http://www.ufaqs.com/usenet/new/usen...t_5_of_10).htm

    [15.3] How does that funky while (cin >> foo) syntax work?

    See the previous FAQ[15.2] for an example of the "funky while (cin >> foo) syntax."

    The expression (cin >> foo) calls the appropriate operator>> (for example, it calls the operator>> that takes an istream on the left and, if foo is of type int, an int& on the right). The istream operator>> functions return their left argument by convention, which in this case means it will return cin. Next the compiler notices that the returned istream is in a boolean context, so it converts that istream into a boolean.

    To convert an istream into a boolean, the compiler calls a member function called istream:: operator void*(). This returns a void* pointer, which is in turn converted to a boolean (NULL becomes false, any other pointer becomes true). So in this case the compiler generates a call to cin.operator void*(), just as if you had casted it explicitly such as (void*)cin.

    The operator void*() cast operator returns some non-NULL pointer if the stream is in a good state, or NULL if it's in a failed state. For example, if you read one too many times (e.g., if you're already at end-of-file), or if the actual info on the input stream isn't valid for the type of foo (e.g., if foo is an int and the data is an 'x' character), the stream will go into a failed state and the cast operator will return NULL.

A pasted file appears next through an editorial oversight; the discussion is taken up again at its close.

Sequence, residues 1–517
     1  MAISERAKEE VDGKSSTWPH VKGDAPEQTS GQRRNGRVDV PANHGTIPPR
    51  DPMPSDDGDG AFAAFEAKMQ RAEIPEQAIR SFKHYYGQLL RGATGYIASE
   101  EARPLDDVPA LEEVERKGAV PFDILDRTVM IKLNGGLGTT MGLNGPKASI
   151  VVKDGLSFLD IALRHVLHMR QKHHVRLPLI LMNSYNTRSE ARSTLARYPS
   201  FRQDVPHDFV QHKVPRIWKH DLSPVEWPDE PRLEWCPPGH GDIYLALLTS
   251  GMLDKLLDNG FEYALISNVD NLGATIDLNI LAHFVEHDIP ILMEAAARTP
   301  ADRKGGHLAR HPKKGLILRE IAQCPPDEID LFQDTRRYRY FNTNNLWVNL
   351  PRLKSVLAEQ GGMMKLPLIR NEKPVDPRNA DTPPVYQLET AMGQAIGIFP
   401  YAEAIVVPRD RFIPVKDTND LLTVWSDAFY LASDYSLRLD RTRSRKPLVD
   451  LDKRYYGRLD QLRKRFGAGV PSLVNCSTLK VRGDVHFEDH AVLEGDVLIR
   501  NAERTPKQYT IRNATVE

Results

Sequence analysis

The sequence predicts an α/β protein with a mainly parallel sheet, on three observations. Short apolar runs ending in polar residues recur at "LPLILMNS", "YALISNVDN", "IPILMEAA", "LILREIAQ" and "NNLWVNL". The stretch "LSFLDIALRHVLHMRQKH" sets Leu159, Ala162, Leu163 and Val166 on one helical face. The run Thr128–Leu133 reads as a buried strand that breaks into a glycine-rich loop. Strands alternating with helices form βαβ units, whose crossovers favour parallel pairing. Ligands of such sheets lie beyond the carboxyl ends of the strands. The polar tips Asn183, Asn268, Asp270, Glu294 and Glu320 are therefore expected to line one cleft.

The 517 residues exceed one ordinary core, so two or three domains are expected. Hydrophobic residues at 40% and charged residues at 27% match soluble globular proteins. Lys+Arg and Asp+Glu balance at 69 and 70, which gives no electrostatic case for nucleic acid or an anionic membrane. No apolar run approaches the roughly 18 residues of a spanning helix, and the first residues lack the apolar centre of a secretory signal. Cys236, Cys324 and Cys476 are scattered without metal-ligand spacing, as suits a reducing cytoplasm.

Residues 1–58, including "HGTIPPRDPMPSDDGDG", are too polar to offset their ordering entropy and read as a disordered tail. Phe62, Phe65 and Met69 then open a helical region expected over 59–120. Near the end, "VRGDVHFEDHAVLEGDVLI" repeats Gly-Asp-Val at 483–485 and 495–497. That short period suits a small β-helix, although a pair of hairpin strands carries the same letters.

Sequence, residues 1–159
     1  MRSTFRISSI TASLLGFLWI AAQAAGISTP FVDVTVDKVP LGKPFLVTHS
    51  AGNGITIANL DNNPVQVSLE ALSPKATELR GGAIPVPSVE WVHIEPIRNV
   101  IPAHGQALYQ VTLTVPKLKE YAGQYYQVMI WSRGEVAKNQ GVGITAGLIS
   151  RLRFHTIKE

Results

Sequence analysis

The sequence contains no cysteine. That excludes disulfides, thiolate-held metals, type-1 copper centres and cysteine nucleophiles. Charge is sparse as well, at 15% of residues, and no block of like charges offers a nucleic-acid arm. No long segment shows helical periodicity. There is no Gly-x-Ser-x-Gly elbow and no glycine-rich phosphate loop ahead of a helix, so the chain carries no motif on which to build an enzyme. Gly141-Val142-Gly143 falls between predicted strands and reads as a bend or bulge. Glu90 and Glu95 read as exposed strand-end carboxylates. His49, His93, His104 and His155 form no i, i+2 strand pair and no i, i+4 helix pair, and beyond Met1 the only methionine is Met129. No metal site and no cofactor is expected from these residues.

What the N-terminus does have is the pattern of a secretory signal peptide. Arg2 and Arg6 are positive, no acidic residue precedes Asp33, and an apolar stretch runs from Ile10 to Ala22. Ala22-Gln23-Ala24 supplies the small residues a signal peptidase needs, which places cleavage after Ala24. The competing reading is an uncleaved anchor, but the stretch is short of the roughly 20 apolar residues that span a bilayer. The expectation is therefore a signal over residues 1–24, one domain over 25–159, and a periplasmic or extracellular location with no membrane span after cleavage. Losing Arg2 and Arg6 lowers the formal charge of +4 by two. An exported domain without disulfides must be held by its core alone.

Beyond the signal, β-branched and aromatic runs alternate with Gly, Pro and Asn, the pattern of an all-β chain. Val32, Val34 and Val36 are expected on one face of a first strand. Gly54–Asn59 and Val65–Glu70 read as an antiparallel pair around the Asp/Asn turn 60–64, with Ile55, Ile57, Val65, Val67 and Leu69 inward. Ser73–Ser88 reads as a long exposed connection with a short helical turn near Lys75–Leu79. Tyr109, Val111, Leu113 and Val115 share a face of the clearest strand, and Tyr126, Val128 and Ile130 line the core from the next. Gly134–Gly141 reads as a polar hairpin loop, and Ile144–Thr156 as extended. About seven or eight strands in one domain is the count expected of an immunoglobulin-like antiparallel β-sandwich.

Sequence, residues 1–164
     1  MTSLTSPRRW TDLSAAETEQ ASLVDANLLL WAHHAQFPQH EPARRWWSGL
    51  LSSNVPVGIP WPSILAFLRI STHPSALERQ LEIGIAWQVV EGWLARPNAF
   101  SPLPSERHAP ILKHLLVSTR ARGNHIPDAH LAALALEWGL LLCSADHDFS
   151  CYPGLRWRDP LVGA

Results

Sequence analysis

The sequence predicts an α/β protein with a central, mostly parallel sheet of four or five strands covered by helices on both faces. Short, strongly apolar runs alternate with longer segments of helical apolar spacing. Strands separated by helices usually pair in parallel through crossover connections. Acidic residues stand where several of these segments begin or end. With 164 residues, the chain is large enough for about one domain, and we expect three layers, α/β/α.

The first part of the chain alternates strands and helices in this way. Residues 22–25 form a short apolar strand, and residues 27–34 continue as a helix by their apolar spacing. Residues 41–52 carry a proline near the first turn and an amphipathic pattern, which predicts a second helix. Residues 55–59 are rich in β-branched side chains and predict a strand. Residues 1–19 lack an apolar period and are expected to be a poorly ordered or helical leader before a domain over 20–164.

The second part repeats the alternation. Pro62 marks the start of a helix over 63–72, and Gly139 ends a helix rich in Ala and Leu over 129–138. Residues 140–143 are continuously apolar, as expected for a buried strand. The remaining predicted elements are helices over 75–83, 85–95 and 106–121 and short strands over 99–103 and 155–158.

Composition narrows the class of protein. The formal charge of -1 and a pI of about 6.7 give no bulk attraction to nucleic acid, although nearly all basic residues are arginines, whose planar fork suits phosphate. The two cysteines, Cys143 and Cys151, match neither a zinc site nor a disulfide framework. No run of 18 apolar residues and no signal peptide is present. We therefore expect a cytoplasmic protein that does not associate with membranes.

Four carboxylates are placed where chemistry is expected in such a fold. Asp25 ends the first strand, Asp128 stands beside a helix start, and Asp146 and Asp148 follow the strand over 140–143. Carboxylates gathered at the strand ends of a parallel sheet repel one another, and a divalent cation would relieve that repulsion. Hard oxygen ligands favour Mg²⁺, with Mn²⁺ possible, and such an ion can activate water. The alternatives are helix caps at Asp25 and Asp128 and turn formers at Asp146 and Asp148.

The reason operator>> doesn't simply return a bool (or void*) indicating whether it succeeded or failed is to support the "cascading" syntax:

    cin >> foo >> bar;
    Last edited by 7stud; 11-28-2005 at 05:45 PM.

  14. #14
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    Quoted by Ancient D

    Getting the exact position in the file where the string starts will prove to be more problematic. One way is to read the entire file into memory so that you can easily calculate the offset of the string from the beginning of the input buffer.
    Ouch... . Reading an entire file into memory can not be advised regardless of how small the file is. In fact very few programs warrant the use of such action, with a few exceptions, such as word search programs etc.

    I've not read the entire thread but surely the OP could achieve his objectives by reading one line at a time into the buffer? On the other hand you may have already realised this.


  15. #15
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    Quote Originally Posted by treenef
    Ouch... . Reading an entire file into memory can not be advised regardless of how small the file is. In fact very few programs warrant the use of such action, with a few exceptions, such as word search programs etc.
    You must be living with 30 year-old hardware. Several meg files is nothing nowdays to read into memory at once. Of course reading really huge files (1 Gig or more) all into memory will be nearly impossible, but there are other techniques used to deal with them which is probably way behond the requirements of this program.